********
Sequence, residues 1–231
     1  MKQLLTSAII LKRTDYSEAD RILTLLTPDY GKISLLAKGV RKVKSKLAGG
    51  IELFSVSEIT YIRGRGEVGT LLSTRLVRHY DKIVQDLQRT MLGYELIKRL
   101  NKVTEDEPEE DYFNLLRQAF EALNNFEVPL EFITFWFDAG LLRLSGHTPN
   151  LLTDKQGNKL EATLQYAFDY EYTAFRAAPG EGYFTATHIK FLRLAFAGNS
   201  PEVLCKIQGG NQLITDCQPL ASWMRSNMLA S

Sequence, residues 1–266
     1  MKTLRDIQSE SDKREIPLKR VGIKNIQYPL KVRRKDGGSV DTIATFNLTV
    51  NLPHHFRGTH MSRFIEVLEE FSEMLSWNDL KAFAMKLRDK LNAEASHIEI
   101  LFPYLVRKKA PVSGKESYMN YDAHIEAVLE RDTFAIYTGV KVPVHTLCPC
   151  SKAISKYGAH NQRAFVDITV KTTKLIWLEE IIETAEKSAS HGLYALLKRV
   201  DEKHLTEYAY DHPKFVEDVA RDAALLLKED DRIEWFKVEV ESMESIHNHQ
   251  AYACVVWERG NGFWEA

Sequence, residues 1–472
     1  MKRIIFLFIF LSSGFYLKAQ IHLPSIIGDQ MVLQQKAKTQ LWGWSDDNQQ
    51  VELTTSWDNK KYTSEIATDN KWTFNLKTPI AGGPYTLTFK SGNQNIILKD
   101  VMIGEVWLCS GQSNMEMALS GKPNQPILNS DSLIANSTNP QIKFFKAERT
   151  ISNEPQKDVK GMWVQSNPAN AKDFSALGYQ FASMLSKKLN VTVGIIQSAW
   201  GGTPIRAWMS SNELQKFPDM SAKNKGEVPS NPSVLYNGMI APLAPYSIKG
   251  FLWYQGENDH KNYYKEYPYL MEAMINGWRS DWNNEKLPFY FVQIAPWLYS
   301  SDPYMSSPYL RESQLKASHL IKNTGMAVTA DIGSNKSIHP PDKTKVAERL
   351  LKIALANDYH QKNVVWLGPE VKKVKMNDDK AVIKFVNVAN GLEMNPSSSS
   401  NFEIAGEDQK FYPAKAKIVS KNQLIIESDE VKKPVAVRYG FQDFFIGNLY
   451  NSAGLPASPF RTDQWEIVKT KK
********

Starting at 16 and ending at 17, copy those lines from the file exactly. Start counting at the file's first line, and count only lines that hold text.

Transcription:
    51  VELTTSWDNK KYTSEIATDN KWTFNLKTPI AGGPYTLTFK SGNQNIILKD
   101  VMIGEVWLCS GQSNMEMALS GKPNQPILNS DSLIANSTNP QIKFFKAERT